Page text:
In 1984, Rev. Nathaniel Grady, the chaplain for the Yonkers police department, was indicted on charges of abusing six children, ages three and four, over a period of several months in 1983 at the Westchester-Tremont Day Care Center in the Bronx, New York.
The day care center rented space in the Westchester United Methodist Church, where the 43-year-old Grady preached. The indictment listed 42 counts of rape, sodomy and sex abuse.
His trial began in October 1985 and the children testified that they were raped, sodomized and sexually abused.
Grady denied it all.
On January 20, 1986, after six days of deliberation, a jury convicted him of 19 counts of rape, sodomy and sexual abuse of five children. He was sentenced to 45 years in prison.
He lost his state appeals and filed a federal petition for a writ of habeas corpus.
Meanwhile, in 1994, an investigation of sex abuse cases in New York City by CBS News raised questions about whether any of the abuse had happened and whether the allegations were the result of coercive and suggestive questioning by law enforcement and state child care investigators. The CBS investigation showed that each of the children had been questioned more than 80 times before trial. At one point, one of the children identified the trial judge as his molester.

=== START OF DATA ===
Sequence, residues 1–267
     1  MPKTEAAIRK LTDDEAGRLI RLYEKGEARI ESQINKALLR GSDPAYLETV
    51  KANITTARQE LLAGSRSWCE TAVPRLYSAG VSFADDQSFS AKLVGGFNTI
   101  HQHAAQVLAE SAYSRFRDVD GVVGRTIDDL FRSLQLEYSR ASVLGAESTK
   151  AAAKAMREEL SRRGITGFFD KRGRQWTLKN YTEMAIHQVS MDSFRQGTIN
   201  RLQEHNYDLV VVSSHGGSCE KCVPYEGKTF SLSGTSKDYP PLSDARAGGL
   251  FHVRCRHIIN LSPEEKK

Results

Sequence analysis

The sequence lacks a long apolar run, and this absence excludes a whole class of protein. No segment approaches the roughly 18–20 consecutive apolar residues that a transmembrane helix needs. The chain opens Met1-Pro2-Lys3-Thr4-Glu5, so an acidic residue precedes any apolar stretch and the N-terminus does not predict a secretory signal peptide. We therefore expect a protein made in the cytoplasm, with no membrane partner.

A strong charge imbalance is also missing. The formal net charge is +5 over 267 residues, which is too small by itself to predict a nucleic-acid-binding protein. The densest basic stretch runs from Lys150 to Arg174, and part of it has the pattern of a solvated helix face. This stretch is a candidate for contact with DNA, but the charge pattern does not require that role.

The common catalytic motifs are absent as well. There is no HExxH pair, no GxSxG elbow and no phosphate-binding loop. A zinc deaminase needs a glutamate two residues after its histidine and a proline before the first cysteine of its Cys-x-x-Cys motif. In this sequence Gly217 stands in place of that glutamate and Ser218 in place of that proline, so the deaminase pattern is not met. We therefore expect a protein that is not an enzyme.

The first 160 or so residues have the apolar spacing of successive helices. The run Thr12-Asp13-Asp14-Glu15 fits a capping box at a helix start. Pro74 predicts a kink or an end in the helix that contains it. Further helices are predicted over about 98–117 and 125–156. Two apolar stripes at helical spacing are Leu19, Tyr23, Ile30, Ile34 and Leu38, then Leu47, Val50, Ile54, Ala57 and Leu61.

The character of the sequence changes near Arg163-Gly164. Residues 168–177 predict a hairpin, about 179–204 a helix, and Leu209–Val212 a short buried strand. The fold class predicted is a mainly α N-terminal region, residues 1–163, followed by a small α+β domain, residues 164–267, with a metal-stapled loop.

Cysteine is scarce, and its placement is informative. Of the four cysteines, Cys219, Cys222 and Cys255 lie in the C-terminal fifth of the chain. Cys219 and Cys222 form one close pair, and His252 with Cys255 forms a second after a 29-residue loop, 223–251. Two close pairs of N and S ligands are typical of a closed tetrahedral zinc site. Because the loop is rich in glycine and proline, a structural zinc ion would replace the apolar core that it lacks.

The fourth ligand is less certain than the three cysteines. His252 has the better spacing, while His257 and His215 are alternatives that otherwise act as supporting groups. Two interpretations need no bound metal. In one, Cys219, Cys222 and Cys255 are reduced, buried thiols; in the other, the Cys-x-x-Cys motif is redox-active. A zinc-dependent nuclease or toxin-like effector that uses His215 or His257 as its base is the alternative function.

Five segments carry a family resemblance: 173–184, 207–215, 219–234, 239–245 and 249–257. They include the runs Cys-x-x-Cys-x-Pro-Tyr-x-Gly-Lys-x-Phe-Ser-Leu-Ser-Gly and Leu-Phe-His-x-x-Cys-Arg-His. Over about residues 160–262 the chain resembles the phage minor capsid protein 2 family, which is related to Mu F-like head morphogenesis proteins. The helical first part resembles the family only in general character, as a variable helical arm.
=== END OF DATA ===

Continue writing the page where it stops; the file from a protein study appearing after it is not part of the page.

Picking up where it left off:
In June 1996, U.S. District Judge John G. Koeltl ruled on Grady’s habeas petition, finding that he had been denied effective assistance of counsel when his appellate lawyer had failed to challenge his conviction on the ground that the indictment was too vague to mount an effective defense at trial.
Three other defendants convicted of similar charges arising from sex abuse allegations at another day center in the Bronx had obtained reversals of their convictions on similar bases in 1989 and 1990.
Grady was released on bond on July 11, 1996 while his lawyers prepared a new appeal in state court.
On September 27, 1997, the Appellate Division of the State Supreme Court overturned the conviction and the charges were dismissed.
– Maurice Possley